Book: Romney ran out of 'obligation'
WASHINGTON — Mitt Romney was a reluctant presidential candidate in 2012 — at least at first.
In a soon-to-be-released book by Dan Balz of The Washington Post, Romney was one of 10 members of his family who voted against making a second White House bid. USA Today received a copy of “Collision 2012: Obama vs. Romney and The Future of Elections in America” in the mail from the publisher.
Romney, a former Massachusetts governor who became his party's unsuccessful 2012 presidential nominee, ultimately decided to challenge President Obama. He said in the book that he believed the rest of the Republican field couldn't beat the Democratic incumbent and lacked the “experience and perspective to lead the country.”
“I knew how grueling the process was, and I felt that there may be others who could be more effective in actually winning and then getting America on course,” Romney said in “Collision 2012,” which will go on sale on Aug. 6. “I got into this out of a sense of obligation to the things I believed in and love for the country but not because it was something I desperately wanted so that I could feel better about myself.”
As the book by Balz describes, Romney and his family were vacationing in Hawaii during the 2010 Christmas holidays when they were tossing around the idea of him running again. A vote among 12 Romney family members was taken: Only Ann Romney, his wife, and Tagg Romney, the eldest son, voted “yes” on another presidential bid. Mitt Romney was among the 10 who voted “no.”
Mitt Romney's reluctance about a race lingered for months after the family vote in Hawaii, Tagg Romney explained.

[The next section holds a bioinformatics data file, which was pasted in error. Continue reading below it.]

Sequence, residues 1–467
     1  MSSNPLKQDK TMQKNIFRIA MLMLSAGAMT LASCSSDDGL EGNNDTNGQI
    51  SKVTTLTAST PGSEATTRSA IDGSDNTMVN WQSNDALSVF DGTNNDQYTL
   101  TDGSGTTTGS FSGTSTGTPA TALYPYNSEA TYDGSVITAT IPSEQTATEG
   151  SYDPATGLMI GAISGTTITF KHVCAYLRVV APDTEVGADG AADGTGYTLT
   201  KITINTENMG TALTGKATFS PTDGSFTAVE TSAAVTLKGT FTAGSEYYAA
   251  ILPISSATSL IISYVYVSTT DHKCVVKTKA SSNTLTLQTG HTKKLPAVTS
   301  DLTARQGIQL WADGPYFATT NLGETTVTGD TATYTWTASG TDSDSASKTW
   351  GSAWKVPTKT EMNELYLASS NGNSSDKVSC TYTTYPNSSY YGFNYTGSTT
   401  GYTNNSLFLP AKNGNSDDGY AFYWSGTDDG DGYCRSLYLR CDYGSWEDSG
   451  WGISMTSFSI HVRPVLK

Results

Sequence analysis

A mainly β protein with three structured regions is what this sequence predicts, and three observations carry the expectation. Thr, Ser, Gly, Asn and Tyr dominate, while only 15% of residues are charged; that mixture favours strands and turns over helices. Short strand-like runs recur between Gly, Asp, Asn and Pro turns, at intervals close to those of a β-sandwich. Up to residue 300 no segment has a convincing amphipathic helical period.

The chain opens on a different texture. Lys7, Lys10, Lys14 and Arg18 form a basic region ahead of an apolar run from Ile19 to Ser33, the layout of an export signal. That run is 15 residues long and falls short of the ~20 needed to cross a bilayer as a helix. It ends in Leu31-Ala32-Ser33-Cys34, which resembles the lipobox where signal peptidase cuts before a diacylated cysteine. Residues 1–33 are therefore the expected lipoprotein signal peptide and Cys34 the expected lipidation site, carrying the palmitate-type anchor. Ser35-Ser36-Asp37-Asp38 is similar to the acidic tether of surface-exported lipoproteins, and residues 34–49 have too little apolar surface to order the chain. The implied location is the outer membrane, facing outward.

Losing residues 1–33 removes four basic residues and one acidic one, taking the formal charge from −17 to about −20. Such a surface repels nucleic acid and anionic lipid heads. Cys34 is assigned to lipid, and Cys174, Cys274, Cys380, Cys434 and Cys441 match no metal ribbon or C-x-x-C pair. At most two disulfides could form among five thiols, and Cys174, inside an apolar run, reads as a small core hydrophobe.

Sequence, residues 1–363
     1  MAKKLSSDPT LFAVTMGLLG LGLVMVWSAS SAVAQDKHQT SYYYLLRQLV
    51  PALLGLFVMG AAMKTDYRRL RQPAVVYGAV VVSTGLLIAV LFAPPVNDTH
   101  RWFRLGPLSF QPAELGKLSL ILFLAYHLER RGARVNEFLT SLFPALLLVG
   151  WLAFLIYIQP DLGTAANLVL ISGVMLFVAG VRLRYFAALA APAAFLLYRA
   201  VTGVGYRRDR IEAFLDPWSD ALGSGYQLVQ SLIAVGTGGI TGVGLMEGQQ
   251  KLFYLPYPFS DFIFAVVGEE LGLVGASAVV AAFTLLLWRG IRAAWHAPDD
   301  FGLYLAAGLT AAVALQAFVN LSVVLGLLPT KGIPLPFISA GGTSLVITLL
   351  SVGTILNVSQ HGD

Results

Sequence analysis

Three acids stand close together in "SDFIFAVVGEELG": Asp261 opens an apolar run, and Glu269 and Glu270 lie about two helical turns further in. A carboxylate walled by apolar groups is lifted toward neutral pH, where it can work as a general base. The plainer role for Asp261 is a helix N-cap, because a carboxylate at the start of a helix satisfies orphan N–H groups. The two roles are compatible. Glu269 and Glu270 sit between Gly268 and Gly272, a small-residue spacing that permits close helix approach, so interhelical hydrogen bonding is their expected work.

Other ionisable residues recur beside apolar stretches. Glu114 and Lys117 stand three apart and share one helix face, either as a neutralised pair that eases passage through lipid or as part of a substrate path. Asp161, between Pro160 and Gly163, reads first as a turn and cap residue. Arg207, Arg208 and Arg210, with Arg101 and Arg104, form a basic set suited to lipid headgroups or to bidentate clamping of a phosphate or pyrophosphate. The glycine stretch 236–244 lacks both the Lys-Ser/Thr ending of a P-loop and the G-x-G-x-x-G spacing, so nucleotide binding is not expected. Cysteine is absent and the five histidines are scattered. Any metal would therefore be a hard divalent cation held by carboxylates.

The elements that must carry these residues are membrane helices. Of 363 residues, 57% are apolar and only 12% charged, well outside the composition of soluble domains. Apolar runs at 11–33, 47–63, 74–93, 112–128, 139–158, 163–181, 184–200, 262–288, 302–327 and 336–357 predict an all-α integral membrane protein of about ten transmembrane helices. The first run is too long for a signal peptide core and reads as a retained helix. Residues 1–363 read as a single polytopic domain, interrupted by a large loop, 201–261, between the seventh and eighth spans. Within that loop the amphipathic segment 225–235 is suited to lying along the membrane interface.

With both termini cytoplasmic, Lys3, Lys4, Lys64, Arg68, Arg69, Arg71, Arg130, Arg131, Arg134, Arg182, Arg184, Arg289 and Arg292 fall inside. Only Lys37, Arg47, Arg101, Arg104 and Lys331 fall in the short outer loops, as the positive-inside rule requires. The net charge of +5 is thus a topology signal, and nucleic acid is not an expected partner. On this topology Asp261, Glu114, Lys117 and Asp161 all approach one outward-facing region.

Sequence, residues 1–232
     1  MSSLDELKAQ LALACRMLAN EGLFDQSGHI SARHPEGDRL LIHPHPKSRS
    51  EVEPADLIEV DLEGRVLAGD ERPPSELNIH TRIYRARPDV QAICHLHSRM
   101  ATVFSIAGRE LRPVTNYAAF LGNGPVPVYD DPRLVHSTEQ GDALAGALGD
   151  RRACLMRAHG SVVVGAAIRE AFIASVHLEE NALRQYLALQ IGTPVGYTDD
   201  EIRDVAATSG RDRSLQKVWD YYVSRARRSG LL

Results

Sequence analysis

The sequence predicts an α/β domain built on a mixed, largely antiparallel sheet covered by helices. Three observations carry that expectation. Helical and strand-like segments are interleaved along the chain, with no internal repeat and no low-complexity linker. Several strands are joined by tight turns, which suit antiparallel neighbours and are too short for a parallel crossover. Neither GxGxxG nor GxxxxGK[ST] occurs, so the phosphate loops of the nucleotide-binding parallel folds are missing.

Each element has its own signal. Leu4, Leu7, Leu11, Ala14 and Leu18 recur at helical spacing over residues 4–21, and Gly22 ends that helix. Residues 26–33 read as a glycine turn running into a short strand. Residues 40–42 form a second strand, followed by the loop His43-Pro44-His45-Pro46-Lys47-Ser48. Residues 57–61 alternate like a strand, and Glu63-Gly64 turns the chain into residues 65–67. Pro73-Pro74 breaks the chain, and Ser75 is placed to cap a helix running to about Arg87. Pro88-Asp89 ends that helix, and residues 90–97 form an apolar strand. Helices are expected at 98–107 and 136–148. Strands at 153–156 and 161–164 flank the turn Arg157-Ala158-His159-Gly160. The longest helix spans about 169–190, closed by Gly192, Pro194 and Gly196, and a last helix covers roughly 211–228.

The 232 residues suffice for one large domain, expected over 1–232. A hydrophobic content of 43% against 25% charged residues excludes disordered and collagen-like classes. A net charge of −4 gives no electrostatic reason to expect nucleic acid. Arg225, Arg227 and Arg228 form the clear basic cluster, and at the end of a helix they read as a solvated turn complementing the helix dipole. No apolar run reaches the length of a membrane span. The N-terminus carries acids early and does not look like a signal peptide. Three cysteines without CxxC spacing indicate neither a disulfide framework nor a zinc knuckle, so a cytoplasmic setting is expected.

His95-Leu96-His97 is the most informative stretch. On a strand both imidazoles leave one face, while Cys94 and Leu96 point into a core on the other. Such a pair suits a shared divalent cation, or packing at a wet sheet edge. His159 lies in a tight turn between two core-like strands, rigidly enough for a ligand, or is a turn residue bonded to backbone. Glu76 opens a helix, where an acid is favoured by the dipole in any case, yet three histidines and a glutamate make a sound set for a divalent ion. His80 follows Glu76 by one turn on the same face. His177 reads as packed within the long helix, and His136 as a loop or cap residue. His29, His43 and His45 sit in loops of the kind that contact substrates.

“Even up until the day before he made the announcement, he was looking for excuses to get out of it,” Tagg Romney is quoted as saying in “Collision 2012.”
TribLive commenting policy
You are solely responsible for your comments and by using TribLive.com you agree to our Terms of Service.
We moderate comments. Our goal is to provide substantive commentary for a general readership. By screening submissions, we provide a space where readers can share intelligent and informed commentary that enhances the quality of our news and information.
While most comments will be posted if they are on-topic and not abusive, moderating decisions are subjective. We will make them as carefully and consistently as we can. Because of the volume of reader comments, we cannot review individual moderation decisions with readers.
We value thoughtful comments representing a range of views that make their point quickly and politely. We make an effort to protect discussions from repeated comments â either by the same reader or different readers.
We follow the same standards for taste as the daily newspaper. A few things we won't tolerate: personal attacks, obscenity, vulgarity, profanity (including expletives and letters followed by dashes), commercial promotion, impersonations, incoherence, proselytizing and SHOUTING. Don't include URLs to Web sites.
We do not edit comments. They are either approved or deleted. We reserve the right to edit a comment that is quoted or excerpted in an article. In this case, we may fix spelling and punctuation.
We welcome strong opinions and criticism of our work, but we don't want comments to become bogged down with discussions of our policies and we will moderate accordingly.
We appreciate it when readers and people quoted in articles or blog posts point out errors of fact or emphasis and will investigate all assertions. But these suggestions should be sent via e-mail. To avoid distracting other readers, we won't publish comments that suggest a correction. Instead, corrections will be made in a blog post or in an article.